The Handmaid’s Tale

handmaod's taleThis is our next Book Club read. I haven’t finished it yet but Kate has and this is what she has to say about it.

As usual, we look forward to hearing from you, too, so please leave your comments on our page. This is great fodder for our Book Club evenings. You become an integral, virtual part of the meeting, ladies and gentlemen. Thank you.

By Kate:

Wow!

Oh wow! What a book; I’ll be thinking about this extraordinary story long after I’ve finished reading it. Grim, disturbing, shocking, menacing I had a horrible sense of foreboding every time I picked it up wondering what harrowing circumstances those poor people would have to further endure and the ending just created more unanswered questions and left you wondering about possible scenarios on so many different levels. I couldn’t put it down though; this will be hard to beat and it kept me gripped from start to finish; it will be hard to find a book equally as enthralling for a future read.

The book describes a dystopian world where many women have been left barren by nuclear toxicity in an area of North America named Gilead; consequently the new regime forces fertile women to live with the families of high ranking officials in order to provide babies for the elite. It is a terrifying world where women’s rights have been taken away from them, for example it is a crime for them to read and write; the handmaids are under the jurisdiction of the ferocious aunts who seem to take pleasure in subjugating their charges by torturing and punishing them for every minor misdemeanour with their inhumane cattle prod.
I loved the symbolism of the book with the handmaids clothed as demure Quakers in long dresses complete with white winged hats which restricted their viewing; yet the dresses were scarlet as opposed to the Marthas attired in brown and the high ranking wives decked in blue; are the handmaids dressed in red because in man’s Utopian world he has a vision/ fantasy of women with the subservience and obedience of a Quaker but the sexuality of a scarlet woman? The wives and aunts had control over the handmaids who all lived in fear of being shipped to the colonies where victims there were forced to clear up toxic waste without the benefit of any protective clothing whatsoever which led to their cruel and painful deaths within a few short years. All communities lived in terror and dread of the secret, sinister eyes who covertly spied upon the population ready to pick up offenders in their menacing black vans to steal them away to some unspeakable end.

The disturbing ending raised more questions than it answered although some clues are provided in the historical notes which provides further food for thought on the terrifying issues evoked. One thought Offred gave voice to remains chillingly in my head; she stated how humans accept and adapt so quickly and easily to changes in circumstances no matter how bad or wrong those circumstances are. I will finish now for fear of giving too much of the plot away but what a brilliant book, I will be thinking about this for a very long time.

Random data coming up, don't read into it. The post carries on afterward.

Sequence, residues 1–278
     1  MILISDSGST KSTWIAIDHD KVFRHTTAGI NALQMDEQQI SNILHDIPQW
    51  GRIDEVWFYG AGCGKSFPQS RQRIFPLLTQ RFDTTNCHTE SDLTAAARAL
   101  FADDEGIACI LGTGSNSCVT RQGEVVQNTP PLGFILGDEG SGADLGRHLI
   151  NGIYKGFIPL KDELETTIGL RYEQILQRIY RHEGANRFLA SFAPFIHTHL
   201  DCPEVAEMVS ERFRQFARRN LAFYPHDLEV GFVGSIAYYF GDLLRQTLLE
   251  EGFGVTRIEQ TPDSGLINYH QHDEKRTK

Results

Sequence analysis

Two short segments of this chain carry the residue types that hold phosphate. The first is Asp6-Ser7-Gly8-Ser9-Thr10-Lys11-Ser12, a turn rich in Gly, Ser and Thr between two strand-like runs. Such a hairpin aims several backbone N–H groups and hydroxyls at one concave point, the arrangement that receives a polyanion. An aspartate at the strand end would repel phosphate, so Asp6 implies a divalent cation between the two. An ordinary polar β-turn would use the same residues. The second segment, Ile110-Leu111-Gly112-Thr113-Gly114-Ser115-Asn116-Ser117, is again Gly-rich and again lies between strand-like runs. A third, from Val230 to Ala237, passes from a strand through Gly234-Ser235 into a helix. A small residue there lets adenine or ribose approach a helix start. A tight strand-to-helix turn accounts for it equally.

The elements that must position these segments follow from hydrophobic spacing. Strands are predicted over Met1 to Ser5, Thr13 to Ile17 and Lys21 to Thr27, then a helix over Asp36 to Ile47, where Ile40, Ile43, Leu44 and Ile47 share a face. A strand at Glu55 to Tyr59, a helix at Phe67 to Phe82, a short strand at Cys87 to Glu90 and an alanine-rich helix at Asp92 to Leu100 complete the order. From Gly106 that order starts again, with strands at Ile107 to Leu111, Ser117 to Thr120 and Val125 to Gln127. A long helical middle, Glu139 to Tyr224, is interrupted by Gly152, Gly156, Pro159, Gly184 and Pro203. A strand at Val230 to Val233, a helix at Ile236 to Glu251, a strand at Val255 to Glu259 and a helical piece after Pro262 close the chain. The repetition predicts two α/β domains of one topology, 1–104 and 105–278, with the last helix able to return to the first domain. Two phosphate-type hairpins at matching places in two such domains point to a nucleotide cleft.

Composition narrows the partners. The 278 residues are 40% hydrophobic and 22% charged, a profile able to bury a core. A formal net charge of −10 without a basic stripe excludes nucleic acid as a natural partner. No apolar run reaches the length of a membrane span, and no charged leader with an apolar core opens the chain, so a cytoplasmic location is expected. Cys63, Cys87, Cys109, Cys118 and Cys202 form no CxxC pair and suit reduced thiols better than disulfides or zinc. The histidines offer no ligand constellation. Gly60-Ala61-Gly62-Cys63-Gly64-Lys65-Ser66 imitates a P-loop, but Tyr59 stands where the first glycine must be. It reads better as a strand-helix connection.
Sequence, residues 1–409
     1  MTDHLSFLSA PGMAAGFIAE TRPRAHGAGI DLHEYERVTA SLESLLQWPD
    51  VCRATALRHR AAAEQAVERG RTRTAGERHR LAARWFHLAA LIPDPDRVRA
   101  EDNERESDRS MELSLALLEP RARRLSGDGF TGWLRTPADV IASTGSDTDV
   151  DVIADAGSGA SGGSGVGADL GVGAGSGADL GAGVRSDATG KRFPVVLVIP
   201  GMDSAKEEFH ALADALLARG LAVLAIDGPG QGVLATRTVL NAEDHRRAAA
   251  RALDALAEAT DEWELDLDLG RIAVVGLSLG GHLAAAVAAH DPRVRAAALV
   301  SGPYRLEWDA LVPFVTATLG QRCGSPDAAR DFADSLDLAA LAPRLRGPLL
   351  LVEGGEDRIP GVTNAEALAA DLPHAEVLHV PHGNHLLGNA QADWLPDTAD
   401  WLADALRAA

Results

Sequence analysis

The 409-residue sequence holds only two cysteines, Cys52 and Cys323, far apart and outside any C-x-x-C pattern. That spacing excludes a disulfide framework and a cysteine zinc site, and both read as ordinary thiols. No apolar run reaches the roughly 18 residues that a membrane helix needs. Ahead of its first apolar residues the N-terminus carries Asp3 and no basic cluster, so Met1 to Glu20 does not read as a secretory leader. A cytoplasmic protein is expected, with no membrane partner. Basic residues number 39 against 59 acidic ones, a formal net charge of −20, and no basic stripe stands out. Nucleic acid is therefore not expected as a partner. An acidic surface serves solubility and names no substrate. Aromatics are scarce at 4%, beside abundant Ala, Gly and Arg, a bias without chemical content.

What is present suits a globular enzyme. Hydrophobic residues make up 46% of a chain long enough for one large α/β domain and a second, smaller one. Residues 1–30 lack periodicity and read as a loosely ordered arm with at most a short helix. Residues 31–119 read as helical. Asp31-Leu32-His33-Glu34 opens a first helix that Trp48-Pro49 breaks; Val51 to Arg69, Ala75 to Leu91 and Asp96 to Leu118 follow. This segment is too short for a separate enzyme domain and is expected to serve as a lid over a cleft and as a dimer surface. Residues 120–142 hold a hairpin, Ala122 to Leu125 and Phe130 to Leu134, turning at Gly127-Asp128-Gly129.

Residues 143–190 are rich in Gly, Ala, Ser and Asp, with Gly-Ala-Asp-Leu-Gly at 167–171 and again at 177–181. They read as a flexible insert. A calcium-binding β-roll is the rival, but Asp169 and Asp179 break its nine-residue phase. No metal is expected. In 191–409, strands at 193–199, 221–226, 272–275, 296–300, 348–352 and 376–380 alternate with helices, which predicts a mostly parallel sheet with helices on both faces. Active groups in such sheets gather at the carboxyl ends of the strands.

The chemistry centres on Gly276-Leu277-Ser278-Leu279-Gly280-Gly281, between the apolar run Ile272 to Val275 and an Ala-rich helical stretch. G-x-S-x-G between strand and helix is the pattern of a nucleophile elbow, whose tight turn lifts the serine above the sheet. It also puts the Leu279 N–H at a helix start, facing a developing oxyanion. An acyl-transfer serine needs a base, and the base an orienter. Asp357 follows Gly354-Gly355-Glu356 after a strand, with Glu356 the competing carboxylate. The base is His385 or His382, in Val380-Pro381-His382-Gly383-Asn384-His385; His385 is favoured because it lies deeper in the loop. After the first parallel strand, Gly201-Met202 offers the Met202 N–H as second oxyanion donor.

‘We were the people who were not in the papers. We lived in the blank white spaces at the edges of print. It gave us more freedom.
We lived in the gaps between the stories.’

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3 thoughts on “The Handmaid’s Tale

  1. The Handmaid’s Tale

    Our new method of choosing novels for book club means that we have a more varied library to choose from. Being first alphabetically meant that I was responsible for choosing a few novels that have been on my to-do list for a while and the group would pick one of the three to read. In this instance, The Handmaid’s Tale was unanimously chosen which thrilled me. I wanted to see the new tv show but refused to do so until the book had been read. It has been on my radar for some time new, being one of the most critically acclaimed books I have come across. Everyone I knew who had read it had told me it was a marvel – a feminist, anti-religion parable that echoed many events currently occurring in reality. Written in the mid-1980’s, I was curious about just how prescient Margaret Atwood had been and the novel actually frightened me in this regard.
    The writing in the novel felt to me rather dream-like which is unusual considering how grounded and oppressive the atmosphere and events are. Offred’s tale moves back and forth between her horrific current situation and her fading memories of past events so a hazy milieu is fitting.
    Not much happens in the novel. This would sometimes be a criticism but is not here. It’s not an adventure – it’s a grim, paranoid fable that hits hard. Rather than being a spy thriller or a tense escape story, Offred’s rebellion is a subtle one, a rebellion of looking anywhere but the floor. She doesn’t protest in the town square – she has whispered conversations in dark rooms and plays Scrabble. It sounds rather amusing but it absolutely is not. She is in great danger, as is every woman in this world. Offred’s tale made me very uncomfortable, as it should to anyone who reads it. I wish I had read it ten years ago. I think this book should be required reading for everyone, especially school children. It might help save some lives.

    5 out of 5.

    Liked by 2 people

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